Repeat after me: Poo-teen. Pooteen. Properly spelled P-O-U-T-I-N-E and, surprisingly, legal in this country.
They don't let raw milk or cheese in, and "spice" is about to go the way of weed, but this outrageously decadent Canadian import is oozing under the radar and on to American menus.
So much so, that when I heard the wind howl this morning, I thought to myself, "Sounds like poutine weather."
I'm not actually going to indulge since I think poutine is a slippery slopeceat it more than once a week and you're probably headed for a lifetime in elastic waist pants, and I had my poutine portion for the week. (I have a date with a duck, anyway. Chef Nathan Powers at Bambara is going to show us how a duck in his cooking class today.)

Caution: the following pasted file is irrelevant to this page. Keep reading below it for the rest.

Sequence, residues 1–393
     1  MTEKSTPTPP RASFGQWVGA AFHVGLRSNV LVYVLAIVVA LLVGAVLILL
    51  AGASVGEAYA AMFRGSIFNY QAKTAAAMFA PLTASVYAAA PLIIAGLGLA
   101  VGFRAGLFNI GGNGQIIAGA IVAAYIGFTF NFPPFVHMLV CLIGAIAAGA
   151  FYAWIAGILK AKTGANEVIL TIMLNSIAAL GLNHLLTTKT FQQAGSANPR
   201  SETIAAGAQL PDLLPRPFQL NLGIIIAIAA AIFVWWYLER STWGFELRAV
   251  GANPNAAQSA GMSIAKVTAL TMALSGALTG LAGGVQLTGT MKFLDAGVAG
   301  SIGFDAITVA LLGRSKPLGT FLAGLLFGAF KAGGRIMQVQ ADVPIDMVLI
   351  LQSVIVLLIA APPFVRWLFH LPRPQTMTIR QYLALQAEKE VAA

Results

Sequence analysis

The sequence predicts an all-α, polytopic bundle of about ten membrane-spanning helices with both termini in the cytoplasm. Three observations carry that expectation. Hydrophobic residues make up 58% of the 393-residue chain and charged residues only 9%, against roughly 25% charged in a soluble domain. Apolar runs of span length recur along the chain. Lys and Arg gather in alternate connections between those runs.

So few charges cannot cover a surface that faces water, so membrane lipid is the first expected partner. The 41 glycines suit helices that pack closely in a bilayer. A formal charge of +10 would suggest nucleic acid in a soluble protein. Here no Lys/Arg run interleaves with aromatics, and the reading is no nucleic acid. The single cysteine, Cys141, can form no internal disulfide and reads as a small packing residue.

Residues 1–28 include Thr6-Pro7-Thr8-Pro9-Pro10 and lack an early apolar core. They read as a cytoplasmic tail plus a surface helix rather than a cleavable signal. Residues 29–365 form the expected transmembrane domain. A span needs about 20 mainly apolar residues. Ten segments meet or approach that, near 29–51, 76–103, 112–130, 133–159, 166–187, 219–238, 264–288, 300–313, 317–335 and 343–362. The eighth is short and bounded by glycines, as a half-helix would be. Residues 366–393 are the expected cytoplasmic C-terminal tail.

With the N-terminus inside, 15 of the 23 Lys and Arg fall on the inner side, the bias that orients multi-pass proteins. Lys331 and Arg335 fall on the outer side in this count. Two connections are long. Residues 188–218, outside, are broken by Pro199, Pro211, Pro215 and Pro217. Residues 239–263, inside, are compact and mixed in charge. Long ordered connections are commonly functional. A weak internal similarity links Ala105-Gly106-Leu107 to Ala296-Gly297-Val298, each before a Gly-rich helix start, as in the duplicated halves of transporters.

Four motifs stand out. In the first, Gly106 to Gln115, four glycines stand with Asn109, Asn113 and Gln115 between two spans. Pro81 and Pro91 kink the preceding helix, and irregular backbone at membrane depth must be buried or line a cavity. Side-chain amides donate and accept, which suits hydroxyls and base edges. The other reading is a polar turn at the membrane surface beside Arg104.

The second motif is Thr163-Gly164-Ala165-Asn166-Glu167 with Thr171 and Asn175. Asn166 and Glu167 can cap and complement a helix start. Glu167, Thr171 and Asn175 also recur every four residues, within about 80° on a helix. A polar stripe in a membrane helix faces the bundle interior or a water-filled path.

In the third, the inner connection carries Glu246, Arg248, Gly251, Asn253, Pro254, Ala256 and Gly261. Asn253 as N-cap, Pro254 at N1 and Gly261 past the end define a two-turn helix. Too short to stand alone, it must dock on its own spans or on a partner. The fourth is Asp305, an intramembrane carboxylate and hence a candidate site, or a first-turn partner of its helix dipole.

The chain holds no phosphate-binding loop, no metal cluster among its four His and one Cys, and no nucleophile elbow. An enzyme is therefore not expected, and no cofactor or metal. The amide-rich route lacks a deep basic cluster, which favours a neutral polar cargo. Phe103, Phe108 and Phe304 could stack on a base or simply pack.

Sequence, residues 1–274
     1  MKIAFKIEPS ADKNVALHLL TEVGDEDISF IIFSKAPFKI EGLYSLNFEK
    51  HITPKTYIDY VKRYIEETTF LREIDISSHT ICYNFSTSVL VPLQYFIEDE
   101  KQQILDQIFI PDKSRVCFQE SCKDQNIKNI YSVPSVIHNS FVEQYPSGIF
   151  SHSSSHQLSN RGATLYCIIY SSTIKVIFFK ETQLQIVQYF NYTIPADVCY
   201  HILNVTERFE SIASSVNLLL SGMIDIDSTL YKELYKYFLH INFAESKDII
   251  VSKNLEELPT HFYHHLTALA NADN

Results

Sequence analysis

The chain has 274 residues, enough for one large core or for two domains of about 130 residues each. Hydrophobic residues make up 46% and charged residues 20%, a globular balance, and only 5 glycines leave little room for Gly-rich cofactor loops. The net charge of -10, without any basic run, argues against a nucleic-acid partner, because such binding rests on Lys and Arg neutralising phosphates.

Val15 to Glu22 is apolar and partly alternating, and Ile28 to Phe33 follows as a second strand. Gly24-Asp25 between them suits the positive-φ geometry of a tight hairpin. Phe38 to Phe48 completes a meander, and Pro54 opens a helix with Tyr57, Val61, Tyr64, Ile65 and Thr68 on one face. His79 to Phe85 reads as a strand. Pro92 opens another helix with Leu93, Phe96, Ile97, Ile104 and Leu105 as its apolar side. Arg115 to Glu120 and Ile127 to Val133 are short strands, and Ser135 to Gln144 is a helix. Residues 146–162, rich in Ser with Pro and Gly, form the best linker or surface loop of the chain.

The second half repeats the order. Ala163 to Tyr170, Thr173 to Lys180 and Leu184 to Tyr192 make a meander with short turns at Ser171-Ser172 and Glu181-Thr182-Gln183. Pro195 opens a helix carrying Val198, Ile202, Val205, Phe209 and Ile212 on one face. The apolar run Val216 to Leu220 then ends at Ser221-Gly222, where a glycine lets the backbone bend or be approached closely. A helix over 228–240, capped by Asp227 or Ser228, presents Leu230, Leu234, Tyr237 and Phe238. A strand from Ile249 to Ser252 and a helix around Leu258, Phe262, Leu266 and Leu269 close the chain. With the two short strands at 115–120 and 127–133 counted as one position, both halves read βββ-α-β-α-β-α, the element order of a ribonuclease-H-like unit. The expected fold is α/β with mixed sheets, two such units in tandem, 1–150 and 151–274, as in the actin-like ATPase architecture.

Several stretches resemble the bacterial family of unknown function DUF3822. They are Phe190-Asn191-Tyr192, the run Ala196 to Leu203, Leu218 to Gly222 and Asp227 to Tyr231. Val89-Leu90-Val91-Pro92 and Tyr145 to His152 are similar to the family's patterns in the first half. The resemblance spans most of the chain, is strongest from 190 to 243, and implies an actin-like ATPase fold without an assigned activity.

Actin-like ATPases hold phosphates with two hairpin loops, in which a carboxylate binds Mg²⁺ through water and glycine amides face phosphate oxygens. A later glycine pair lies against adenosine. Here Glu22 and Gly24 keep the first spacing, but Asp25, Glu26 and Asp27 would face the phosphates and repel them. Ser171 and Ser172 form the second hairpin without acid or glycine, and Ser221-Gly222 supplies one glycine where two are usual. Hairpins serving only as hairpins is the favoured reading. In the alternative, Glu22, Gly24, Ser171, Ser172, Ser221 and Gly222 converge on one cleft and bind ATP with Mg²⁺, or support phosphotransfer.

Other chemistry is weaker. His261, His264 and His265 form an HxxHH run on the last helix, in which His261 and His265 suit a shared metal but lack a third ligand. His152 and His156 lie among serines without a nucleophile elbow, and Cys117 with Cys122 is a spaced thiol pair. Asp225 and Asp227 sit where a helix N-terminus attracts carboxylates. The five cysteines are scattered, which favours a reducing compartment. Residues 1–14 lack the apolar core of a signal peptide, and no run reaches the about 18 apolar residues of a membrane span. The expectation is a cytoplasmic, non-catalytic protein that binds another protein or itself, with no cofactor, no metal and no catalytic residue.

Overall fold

The rest of you: I recommend a movie followed by poutine at Copper Onion (if Chef Ryan made it today). Be careful not to eat the poutine before the movie, or you'll be dozing off and on and not be able to follow the complicated, possibly subtitled plot of whatever highbrow movie (really, I should say "film") is showing next door to Copper Onion at the Broadway Cinema.
What is poutine? In its lowest incarnation it's a Canadian lumberjack-sized mound of french fries, topped with beef gravy and cheese curds. Really. Chef Lowder makes his version with hand-cut steak fries topped with oxtail stew and cheese. Better.
Bet you can't finish just one...